Quickstart (for local installs)¶
For testing, demos, and development purposes, you can install and use
Dask-Gateway can be installed with
pip. It’s composed of two packages:
dask-gateway-server: the gateway server. Administrators usually install this once on a cluster.
dask-gateway: the client library. Users only need this library to use a running Gateway.
Install with conda
$ conda install -c conda-forge dask-gateway dask-gateway-server
Install with pip
$ pip install dask-gateway dask-gateway-server
Start the gateway server¶
To start the Gateway server, run:
dask-gateway locally with the default configuration. This uses:
UnsafeLocalClusterManagerto manage local clusters without any process isolation
DummyAuthenticatorto authenticate users using a simple and insecure authentication scheme
Both of these options are insecure and not-advised for any real-world deployments. They are perfectly fine for testing and experimentation though.
Connect to the gateway¶
To connect to the gateway, create a
Gateway client with the URL output
above. By default this is
>>> from dask_gateway import Gateway >>> gateway = Gateway("http://127.0.0.1:8000") >>> gateway Gateway<http://127.0.0.1:8000>
To check that everything is setup properly, query the gateway to see any existing clusters (should be an empty list).
>>> gateway.list_clusters() 
Create a new cluster¶
To create a new cluster, you can use the
This will create a new cluster with no workers.
>>> cluster = gateway.new_cluster() >>> cluster GatewayCluster<6c14f41343ea462599f126818a14ebd2>
Scale up a cluster¶
To scale a cluster to one or more workers, you can use the
GatewayCluster.scale() method. Here we scale our cluster up to two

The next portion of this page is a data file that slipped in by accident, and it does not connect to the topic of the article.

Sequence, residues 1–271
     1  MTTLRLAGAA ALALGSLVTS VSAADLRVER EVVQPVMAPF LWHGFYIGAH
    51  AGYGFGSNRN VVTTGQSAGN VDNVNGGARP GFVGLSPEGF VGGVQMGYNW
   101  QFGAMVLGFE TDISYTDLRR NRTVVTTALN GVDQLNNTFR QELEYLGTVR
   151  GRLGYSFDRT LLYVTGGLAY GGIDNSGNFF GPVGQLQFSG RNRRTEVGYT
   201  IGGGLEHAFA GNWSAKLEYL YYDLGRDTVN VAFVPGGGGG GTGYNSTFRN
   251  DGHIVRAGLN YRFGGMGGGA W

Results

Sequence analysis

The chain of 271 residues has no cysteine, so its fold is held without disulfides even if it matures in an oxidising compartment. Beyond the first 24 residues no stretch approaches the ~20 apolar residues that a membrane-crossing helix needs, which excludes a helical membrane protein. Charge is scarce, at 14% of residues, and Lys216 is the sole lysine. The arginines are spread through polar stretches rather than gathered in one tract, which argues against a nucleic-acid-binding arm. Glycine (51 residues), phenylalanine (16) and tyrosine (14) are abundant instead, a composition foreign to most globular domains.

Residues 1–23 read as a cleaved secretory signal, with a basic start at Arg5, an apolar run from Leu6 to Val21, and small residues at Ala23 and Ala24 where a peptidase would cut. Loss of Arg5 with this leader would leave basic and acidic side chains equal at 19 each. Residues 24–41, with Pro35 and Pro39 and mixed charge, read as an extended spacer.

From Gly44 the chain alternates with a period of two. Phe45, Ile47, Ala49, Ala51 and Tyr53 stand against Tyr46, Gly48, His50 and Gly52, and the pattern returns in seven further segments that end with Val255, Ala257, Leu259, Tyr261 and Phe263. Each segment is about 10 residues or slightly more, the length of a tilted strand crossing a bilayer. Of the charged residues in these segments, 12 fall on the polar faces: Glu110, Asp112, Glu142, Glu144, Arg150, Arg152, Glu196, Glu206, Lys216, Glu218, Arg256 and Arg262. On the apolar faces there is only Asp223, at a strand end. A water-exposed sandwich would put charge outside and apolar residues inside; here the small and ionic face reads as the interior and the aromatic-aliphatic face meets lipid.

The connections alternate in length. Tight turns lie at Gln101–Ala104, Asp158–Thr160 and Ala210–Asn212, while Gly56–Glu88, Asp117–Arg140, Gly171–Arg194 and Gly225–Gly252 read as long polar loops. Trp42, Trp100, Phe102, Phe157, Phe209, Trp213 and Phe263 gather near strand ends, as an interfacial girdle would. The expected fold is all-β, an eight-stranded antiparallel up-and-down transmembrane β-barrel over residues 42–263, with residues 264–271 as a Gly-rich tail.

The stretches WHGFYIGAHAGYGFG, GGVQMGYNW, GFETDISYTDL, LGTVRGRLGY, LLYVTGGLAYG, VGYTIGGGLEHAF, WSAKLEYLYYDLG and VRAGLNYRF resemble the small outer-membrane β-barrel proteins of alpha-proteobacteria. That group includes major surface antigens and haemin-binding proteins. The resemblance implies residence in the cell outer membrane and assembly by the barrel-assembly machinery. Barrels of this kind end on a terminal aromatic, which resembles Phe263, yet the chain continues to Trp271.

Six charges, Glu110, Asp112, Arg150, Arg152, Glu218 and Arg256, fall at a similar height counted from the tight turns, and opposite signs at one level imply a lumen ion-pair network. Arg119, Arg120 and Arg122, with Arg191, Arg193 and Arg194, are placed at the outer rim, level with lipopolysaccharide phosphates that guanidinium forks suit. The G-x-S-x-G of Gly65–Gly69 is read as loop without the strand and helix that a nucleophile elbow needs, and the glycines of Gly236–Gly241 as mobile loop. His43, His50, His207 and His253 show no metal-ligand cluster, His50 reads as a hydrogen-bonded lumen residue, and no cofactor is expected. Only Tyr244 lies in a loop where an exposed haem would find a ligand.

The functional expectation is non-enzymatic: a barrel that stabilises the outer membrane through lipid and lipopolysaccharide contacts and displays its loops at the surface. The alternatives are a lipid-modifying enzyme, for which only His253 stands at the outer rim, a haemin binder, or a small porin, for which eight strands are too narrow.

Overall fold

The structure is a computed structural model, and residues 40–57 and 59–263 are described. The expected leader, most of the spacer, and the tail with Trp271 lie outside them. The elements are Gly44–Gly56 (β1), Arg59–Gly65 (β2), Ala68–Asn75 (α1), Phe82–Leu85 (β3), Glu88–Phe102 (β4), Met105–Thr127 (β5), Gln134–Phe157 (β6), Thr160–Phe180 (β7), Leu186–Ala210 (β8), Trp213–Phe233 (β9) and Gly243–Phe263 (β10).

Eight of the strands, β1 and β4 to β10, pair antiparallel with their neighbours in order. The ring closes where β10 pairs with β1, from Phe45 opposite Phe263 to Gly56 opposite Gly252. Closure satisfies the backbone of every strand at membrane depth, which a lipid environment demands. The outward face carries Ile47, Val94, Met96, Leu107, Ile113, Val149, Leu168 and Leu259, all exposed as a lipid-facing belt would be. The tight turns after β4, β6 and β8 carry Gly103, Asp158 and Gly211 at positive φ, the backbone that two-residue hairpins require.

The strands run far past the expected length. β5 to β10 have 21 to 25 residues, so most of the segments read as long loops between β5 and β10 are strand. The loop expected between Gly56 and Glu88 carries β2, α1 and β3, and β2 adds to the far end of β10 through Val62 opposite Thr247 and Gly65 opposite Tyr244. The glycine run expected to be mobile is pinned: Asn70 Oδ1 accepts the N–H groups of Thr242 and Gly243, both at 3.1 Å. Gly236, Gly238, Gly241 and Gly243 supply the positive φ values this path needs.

Connect to the cluster¶
To connect to the cluster so you can start doing work, you can use the
GatewayCluster.get_client() method. This returns a
>>> client = cluster.get_client() >>> client <Client: scheduler='tls://198.51.100.1:65252' processes=2 cores=2>
Run computations on the cluster¶
At this point you should be able to use normal
dask methods to do work. For
example, here we take the mean of a random array.
>>> import dask.array as da >>> a = da.random.normal(size=(1000, 1000), chunks=(500, 500)) >>> a.mean().compute() 0.0022336223893512945
Shutdown the cluster¶
When you’re done using it, you can shutdown the cluster using the
Cluster.shutdown() method. This will cleanly close all dask workers, as
well as the scheduler.
Connect to an existing cluster¶
Alternatively, you can leave a cluster running and reconnect to it later. When
dask-gateway, Dask clusters aren’t tied to the lifetime of your
To see all running clusters, use the
>>> clusters = gateway.list_clusters() >>> clusters [ClusterReport<name=ce498e95403741118a8f418ee242e646, status=RUNNING>]
To connect to an existing cluster, use the
>>> cluster = gateway.connect(clusters.name) >>> cluster GatewayCluster<ce498e95403741118a8f418ee242e646>
Shutdown the gateway server¶
To shutdown the Dask-Gateway server,
Ctrl-C in the same terminal you
started the process in. Note that any active clusters will also be shutdown.